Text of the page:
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February 12, 2005


The Triangle bloggers conference went pretty well. Sat a chair over from Dave Winer, with whom I had a mild disagreement over the importance of attracting traffic. He seemed to think the whole practice was slightly vulgar, and mostly done for the wrong reasons. That's easy to say when you're already attracting scads of traffic, I pointed out. We eventually ended it by agreeing we're both whores.

Which is true, though I suspect his price would be a lot higher than mine. I can see where he gets his prickly reputation, though if I had as many strangers presuming upon a common acquaintance in an attempt to pry out advice or collaboration as he seemingly does, I might be a tad prickly as well. Fortunately Dave didn't know me from Adam, so I was spared that temptation.

The first session was basically spent in discussing community at one's blog, and how to build it. It boiled down to "blog a lot, link a lot, and participate in one's comment's threads," which is more or less the blog equivalent of "Exercise more and eat less." Good advice, but not the magic bullet everyone was hoping for, I suspect. It was during that session that Winer asked me what I wanted an audience for.

Aside from my deathly need for the approval of strangers, the only decent reason I can think of is that an audience might come in handy one day. I don't have any idea what for at the moment, but I'd hate not to have one if a need should arise. It's the same reason I keep a fire extinguisher under the kitchen sink, though admittedly I do have some idea of the circumstances under which I'd need that.

We were on more common ground in the second--well, third, really--session on blogs and journalism. At least some section of opinion in the hall really wanted to assign blogs to a kind of journalism watchdog role, or at least that was my impression, arguing that when it comes to reporting, most bloggers simply do not have the resources with which to commit journalism.

Considering that a great deal of journalism is no more than research and synthesizing; both tasks that the Internet by its very nature makes easier, that opinion is wrong-headed, if not outright nuts. As well, simply because a blogger chooses to spend most of his time writing about his cats doesn't mean that he can't put Who, What, When, Where and How down on pixels should the need arise. It can even be journalism dealing with cats if it comes right down to it, and, thanks to archives that aren't yanked off the Net to make room for news on Britney Spears' new navel piercing, the article on cats, or whatever it happens to be, will be there when it is needed.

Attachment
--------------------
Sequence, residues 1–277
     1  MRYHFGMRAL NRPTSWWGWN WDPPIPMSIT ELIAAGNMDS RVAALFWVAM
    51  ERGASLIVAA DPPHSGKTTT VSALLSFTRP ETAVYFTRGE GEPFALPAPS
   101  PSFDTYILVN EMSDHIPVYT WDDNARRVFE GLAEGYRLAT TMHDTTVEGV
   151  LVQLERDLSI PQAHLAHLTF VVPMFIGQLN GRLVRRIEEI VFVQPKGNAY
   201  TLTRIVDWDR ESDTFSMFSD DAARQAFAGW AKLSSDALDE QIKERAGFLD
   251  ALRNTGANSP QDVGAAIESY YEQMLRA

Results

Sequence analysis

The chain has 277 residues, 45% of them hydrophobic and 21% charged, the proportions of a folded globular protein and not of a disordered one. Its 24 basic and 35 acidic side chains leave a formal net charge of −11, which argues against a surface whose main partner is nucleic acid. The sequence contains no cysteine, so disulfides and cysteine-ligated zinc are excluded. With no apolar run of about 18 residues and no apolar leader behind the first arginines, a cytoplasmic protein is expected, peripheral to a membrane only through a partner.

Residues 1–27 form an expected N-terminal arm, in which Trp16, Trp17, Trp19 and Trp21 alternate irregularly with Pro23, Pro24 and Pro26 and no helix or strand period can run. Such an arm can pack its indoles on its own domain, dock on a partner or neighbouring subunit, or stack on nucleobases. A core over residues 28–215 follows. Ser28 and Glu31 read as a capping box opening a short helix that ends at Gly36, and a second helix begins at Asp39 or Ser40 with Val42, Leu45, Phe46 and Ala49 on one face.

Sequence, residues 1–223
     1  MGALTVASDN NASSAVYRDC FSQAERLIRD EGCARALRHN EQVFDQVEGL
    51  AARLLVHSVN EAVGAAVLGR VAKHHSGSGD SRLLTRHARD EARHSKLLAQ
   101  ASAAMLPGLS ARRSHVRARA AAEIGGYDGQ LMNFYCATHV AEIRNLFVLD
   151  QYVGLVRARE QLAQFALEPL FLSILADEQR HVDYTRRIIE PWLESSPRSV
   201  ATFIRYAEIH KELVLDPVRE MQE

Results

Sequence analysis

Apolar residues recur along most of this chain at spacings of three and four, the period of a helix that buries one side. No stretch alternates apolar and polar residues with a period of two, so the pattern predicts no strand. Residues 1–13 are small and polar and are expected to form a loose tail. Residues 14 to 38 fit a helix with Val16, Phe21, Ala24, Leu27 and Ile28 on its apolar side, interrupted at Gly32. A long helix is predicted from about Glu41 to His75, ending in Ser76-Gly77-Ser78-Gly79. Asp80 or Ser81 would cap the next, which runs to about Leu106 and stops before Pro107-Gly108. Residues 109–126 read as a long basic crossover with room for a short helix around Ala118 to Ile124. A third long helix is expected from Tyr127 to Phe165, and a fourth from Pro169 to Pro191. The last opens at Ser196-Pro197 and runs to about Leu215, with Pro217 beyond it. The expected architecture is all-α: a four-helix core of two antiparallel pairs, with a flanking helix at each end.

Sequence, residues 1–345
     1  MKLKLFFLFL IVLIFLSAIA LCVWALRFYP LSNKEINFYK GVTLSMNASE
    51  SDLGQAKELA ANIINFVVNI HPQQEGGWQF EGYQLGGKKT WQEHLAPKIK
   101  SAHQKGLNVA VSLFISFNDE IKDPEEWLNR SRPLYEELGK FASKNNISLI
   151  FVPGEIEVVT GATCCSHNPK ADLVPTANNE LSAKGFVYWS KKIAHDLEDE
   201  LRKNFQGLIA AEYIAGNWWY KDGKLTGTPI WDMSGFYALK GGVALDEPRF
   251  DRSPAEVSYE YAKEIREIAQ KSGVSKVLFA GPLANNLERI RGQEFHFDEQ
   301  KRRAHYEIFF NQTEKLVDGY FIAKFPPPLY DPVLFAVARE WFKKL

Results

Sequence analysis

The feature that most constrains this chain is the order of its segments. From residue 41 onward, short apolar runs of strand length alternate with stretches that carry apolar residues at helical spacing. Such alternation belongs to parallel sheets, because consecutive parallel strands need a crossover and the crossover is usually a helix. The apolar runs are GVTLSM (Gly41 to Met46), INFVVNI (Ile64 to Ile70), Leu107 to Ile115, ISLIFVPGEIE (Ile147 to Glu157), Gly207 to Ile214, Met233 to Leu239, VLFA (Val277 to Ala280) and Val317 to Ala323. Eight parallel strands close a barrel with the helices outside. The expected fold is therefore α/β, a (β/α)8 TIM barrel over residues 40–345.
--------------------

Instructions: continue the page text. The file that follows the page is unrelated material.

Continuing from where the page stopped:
Eric Muller's work on Thomas Woods is journalism. My Unseen History series is journalism. Hell, the Mesopotamian Crow post is journalism, of a sort. Journalism is dead easy. Anyone can do it. They just have to decide to. It need not be an earth shattering, Pulitzer worthy scoop. Best if it's not, really. The pursuit of such is what drove the journalistic train wreck that was Rathergate, after all.

Certainly the question of bloggers as journalists and bloggers versus journalists stirred the crowd more than the "eat your spinach" advice on building community, but it was the last session. Decamped to Top of The Hill afterwards and had a beer or two in the company of Coturnix, Anonymoses Hyperlincoln, and a surprising number of my UNC co-workers, who either keep blogs, plan to start blogs, or have been tasked with bringing blog services to the campus as a whole.

And almost every one of the latter figured that, at some point, I'd be pulled into installing/administrating/creating/documenting said services.